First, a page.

Skip to main content

The jungle at Osa Peninsula, the best classroom ever

By María José Álvarez, student at the Tropical Ecology & Conservation Leadership Course

When I started the Tropical Ecology and Conservation Leadership course, I was excited to learn and share knowledge with conservation experts. Thanks to the teachers, I learned about strategies to investigate how the distribution of species changes according to their ecosystem through on-site techniques such as the use of trap cameras and remotely as with the use of aerial drones. In addition, I learned invaluable lessons on how to disseminate science to many different groups of people; I was already educating children with the game, sharing research through the media and touching people’s hearts to support my research. All essential aspects to conserve the invaluable resources of nature and thus the prosperity of the human species.

Learning how to use equipment for tourism and monitoring of bird with Dr. Alan F. Poole. Photo: Keylin Castro.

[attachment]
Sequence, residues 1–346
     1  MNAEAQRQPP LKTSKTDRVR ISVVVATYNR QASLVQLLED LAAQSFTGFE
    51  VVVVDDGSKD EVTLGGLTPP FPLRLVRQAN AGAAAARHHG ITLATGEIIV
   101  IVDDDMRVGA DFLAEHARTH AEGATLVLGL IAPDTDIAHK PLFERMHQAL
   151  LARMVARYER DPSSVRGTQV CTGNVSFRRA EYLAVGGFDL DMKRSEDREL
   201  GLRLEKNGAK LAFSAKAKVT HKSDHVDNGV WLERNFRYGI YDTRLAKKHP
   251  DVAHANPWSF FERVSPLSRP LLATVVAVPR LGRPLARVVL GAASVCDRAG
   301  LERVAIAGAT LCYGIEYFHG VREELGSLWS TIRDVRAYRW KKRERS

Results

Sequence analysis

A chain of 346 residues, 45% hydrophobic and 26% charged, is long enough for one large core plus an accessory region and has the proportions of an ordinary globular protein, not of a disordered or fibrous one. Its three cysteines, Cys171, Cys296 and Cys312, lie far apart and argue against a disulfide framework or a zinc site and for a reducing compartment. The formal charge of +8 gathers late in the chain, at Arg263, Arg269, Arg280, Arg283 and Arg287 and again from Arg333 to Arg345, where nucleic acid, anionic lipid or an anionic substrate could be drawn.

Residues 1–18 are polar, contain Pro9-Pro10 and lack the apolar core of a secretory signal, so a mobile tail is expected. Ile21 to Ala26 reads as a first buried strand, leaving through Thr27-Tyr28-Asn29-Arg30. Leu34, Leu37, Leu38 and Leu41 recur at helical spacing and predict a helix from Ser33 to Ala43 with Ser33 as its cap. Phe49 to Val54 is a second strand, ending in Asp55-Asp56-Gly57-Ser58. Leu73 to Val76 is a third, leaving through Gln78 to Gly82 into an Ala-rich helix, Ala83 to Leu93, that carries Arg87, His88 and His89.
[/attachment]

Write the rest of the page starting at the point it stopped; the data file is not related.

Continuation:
Learning how to monitor drones for monitoring the changes in forest cover with Dra. Claire Burke. Photo: Eblim Pereira.

Not only did I learn a lot from the teachers, but my classmates also taught me a lot every day. I was able to learn about their experience as young and passionate biologists who are gradually getting immersed in conservation. His commitment and dedication inspired me and inspired me to improve every day, not to give up and to move forward despite the difficulties that come my way. I know that in them I have invaluable allies for my professional future and I hope to have their experience so that we can make Costa Rica a prosperous country in the hands of nature.

Group photo of me and my classmates at the Tropical Ecology and Conservation Leadership course. Photo: Nina Cordero.

After all, I learned a thousand and one invaluable lessons from each of the people who lived or visited the Piro Biological Station. This place turned out to be the meeting point of conservationists who try to solve very complex problems for conservation worldwide. Many of them are extremely passionate about their work and willing to share knowledge with those who also want to protect nature. Osa Conservation is definitely a leader in conservation not only for his own work but for all the alliances they have created around the world; including the ones they got by opening their doors to young conservationists like me and the rest of my classmates.

Studying the bees of Osa Península with Siam McGuinness, an intern at Osa Conservation. Photo: Marvin López.

Leave a Reply